The advent of photonic crystal fibers (PCFs) has paved the road for commercial high-power supercontinuum light sources. The air-hole structuring in the PCF manipulates the properties of light and gives a tremendous degree of design freedom, which has enabled pushing the properties of PCFs to limits that can never be achieved with standard step index fibers. For example, one can move the zero dispersion wavelength (ZDW) into the visible  and make them endlessly single moded . For efficient supercontinuum generation it is of great importance that the pump wavelength is close to the ZDW. We demonstrate how the spectral blue-edge can be manipulated by careful fiber design and tapering of the PCF enabling supercontinuum generation spanning all the way from 380 nm to 2.4μm . We discuss the limiting factors of the supercontinuum bandwidth. Furthermore, we discuss how the fiber tapering influences the intensity noise of the supercontinuum source . Supercontinuum sources based on silica fibers are limited to the material loss edge at 2.4 μm. However, for wavelengths beyond 2.4 μm the attenuation of light in silica fibers is greatly increased making them useless for the mid-infrared region. Instead, other fiber materials such as fluoride-based glasses (ZBLAN) and chalcogenide glasses can be used for mid-infrared supercontinuum generation. We will show supercontinuum generation in ZBLAN fibers covering 1.5-4.5 μm  and super-continuum generation in microstructured chalcogenide fibers out to 9 μm. We discuss the prospects for extending the supercontinuum generation beyond 10 μm and highlight useful applications such as cancer detection and food analysis.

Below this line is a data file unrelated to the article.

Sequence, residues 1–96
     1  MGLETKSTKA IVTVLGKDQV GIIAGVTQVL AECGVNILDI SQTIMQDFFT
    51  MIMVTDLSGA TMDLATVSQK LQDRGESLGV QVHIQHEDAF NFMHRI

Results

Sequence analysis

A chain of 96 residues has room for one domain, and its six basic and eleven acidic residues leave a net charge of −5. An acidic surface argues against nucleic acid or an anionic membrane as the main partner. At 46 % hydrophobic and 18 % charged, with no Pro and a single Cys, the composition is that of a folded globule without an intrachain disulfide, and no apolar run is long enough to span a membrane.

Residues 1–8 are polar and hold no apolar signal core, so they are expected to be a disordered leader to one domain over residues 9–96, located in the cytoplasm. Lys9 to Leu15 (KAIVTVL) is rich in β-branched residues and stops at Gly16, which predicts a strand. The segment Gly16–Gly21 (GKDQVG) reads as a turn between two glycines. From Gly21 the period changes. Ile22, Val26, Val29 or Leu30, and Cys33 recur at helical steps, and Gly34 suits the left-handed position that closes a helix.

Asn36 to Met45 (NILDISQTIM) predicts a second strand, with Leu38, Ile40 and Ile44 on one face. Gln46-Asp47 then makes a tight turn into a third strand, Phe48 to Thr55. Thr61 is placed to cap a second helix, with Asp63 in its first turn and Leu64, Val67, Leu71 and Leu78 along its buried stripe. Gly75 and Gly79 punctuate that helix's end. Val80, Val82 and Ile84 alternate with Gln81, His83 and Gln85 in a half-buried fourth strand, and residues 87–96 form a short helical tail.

15th Conference on Optical Fibers and Their Applications, 2014
Main Research Area:
15th Conference on Optical Fibers and Their Applications (OFTA 2014)